The draft report can be found here. Public hearings will be held on 12 October 2012 in Washington, DC and on 16 October 2012 in Brussels and written comments are requested by 28 October 2012. Based upon the public comments, the project will move to a second phase that will involve discussions among the EU-US regulators about the commonalities and differences between the EU and US regimes and “will lead to policy decision by their respective organizations regarding whether and how to achieve further harmonization in regulation and supervision.” The project is intended to conclude by 31 December 2012.

US – New statute penalizes California insurers for Iran-related investments

On 23 September 2012, California Governor Edmund G. Brown Jr. signed into law a bill that will require insurance companies domiciled in California to treat investments in any company identified as having financial ties to Iran’s energy sector (based on the inclusion of such company on a list published by the California Department of General Services) as non-admitted assets in their financial statements filed with the California Department of Insurance. Assembly Bill 2160 (codified as section 1241.2 of the California Insurance Code) will become effective on 1 January 2013. The bill was generally opposed by the insurance industry and is likely to become the subject of a constitutional challenge, since a series of decisions from the US Supreme Court have clearly established that actions by state and local governments that infringe on the conduct of foreign policy by the federal government are pre-empted by federal law.

Global – IAIS consultations

Consultation on global systemically important insurers

The International Association of Insurance Supervisors (“IAIS”) has published a compilation of the responses it has received to its May 2012 consultation on a proposed methodology for identifying global systemically important insurers (“G-SIIs”). Responses were received from a range of insurers and institutions from across the globe, including the American Insurance Association, the Association of British Insurers, the Institute of International Finance, Insurance Europe and the International Actuarial Association.

The IAIS has also published its proposed resolution, setting out its comments on the 49 main issues that were apparent from the responses received and its proposals to resolve these issues. Some of the key points made by the IAIS are as follows:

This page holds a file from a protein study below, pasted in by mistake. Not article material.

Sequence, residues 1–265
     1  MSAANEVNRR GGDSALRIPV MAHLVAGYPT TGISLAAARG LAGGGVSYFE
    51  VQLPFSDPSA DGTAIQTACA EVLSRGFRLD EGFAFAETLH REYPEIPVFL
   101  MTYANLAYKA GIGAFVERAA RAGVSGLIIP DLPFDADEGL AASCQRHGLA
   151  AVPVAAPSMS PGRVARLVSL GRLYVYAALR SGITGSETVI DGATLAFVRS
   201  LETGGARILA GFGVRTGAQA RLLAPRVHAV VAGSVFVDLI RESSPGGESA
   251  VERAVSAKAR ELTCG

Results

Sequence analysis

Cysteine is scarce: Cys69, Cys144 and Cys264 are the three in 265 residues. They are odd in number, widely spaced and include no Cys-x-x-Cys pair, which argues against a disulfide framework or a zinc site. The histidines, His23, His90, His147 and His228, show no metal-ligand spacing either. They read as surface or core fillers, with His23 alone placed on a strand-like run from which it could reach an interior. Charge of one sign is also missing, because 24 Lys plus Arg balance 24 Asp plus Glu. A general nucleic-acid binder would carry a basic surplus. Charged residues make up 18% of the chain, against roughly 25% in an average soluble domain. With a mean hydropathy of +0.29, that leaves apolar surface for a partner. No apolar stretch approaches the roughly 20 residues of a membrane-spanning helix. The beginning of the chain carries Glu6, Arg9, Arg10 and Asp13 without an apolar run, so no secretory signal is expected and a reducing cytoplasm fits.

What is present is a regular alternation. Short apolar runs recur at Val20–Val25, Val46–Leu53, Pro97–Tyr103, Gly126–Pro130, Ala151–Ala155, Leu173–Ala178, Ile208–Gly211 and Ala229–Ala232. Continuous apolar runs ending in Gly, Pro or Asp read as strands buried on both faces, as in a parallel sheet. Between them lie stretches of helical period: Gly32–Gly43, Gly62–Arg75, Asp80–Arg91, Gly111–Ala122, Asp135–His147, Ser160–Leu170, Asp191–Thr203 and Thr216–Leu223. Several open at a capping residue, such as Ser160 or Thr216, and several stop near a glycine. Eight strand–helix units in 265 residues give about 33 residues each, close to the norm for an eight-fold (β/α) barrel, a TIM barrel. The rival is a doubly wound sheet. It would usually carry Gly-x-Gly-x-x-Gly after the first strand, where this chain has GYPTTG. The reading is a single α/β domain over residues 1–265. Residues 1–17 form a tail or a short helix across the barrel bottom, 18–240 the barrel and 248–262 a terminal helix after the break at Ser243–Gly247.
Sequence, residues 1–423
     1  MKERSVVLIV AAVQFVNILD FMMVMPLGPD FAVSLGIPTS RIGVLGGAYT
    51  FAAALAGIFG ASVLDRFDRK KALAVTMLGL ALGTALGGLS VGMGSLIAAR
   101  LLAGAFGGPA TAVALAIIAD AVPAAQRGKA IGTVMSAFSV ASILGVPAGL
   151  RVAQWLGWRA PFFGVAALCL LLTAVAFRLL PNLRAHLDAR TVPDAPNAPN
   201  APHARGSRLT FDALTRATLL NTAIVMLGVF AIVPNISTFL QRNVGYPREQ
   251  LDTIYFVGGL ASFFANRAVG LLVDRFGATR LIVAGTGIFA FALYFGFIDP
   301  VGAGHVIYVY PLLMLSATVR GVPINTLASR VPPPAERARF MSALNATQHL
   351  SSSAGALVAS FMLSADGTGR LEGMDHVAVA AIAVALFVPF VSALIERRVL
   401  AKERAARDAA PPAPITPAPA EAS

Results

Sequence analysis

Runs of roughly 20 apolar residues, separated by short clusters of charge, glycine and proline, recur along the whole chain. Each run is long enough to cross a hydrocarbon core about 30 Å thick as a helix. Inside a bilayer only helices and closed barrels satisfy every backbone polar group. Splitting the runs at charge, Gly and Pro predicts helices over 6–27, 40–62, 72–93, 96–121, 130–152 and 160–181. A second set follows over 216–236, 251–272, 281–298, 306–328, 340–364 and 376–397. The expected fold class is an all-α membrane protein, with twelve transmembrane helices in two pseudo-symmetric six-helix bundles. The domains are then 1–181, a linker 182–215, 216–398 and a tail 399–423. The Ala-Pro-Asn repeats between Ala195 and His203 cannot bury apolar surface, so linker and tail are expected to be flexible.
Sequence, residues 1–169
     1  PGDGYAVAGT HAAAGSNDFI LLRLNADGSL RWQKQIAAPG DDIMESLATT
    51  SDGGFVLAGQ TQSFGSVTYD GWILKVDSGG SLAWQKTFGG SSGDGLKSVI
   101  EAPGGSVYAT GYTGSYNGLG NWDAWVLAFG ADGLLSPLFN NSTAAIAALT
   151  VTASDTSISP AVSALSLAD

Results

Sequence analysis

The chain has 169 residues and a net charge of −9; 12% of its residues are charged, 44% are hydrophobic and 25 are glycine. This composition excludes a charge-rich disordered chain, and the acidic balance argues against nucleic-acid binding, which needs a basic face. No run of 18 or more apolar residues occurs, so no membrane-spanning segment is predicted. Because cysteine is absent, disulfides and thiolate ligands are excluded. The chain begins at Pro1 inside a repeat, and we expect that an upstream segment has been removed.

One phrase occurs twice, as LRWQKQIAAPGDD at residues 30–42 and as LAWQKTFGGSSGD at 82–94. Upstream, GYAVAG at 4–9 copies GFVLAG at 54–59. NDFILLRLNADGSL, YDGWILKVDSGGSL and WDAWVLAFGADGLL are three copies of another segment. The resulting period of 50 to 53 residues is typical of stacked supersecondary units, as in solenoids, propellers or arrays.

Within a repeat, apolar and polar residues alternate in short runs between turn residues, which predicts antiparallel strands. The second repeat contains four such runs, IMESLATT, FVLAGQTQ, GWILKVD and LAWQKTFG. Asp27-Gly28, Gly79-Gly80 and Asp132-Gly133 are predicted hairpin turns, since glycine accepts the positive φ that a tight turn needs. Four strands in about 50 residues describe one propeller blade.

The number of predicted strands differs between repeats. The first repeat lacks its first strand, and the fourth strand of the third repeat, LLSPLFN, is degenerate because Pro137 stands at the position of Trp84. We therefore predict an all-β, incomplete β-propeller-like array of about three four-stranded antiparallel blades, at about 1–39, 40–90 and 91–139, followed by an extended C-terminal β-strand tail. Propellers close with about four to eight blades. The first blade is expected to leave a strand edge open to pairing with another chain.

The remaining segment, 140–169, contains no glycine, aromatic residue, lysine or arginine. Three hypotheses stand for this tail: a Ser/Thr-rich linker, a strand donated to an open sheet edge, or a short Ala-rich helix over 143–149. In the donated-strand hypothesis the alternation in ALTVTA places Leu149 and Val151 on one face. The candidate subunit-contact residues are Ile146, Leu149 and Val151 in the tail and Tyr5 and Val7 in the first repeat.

• the G-SIIs process will have three stages of data collection: (i) public data used to select participating insurers, (ii) data call from all participating insurers, and (iii) additional data from G-SII candidates;
  • the designation of G-SIIs will be done by the Financial Stability Board and national authorities, in consultation with the IAIS;
  • there is no intention to designate a fixed number of insurers as G-SIIs and it is possible that no G-SIIs will be identified by the process;
  • the assessment methodology will involve the use of both qualitative and quantitative indicators to assess whether any insurers should be considered to be systemically important at a global level;
  • national authorities will be relied upon to implement agreed measures for G-SIIs; and
  • the IAIS will finalise the weightings given to certain criteria after reviewing the results from the 2011 data call, after which a list of G-SII candidates will be determined for the supervisory judgment process.

The IAIS also noted that it intends to publish a list of G-SIIs along with its final policy measures in April 2013.

Consultation on a common framework for the supervision of internationally active insurance groups

The IAIS has also published a compilation of the responses it has received to its July 2012 consultation on a common framework (known as “ComFrame”) for the supervision of internationally active insurance groups. Responses were received from a broad range of insurers and institutions from across the globe, including the FSA, Lloyd’s, the Association of British Insurers, the European Commission, EIOPA, Insurance Europe, the American Insurance Association, NAIC, the Institute of International Finance, the International Actuarial Association and the International Network of Insurance Associations.

Global – Monte Carlo Rendez-Vous report – “It ain’t over till it’s over”

First published in Insurance Day, 20 September 2012

As Monte Carlo returns to some degree of normality after the recent reinsurance industry invasion one of the familiar themes to again reflect upon is the relationship between renewal rates, capital flows and consolidation in the market.

While last year’s Monte Carlo Rendez-Vous was dominated by the unprecedented severity and number of natural catastrophes of 2011, leading to record insurance claims, 2012 has to date seen a relatively benign period for major global property catastrophe loss. On the eve of Monte Carlo, latest industry estimates for Hurricane Isaac suggested something in the region of $1-$2 billion of loss on an industry-wide basis. Although a significant hurricane to make US landfall this will not move the market.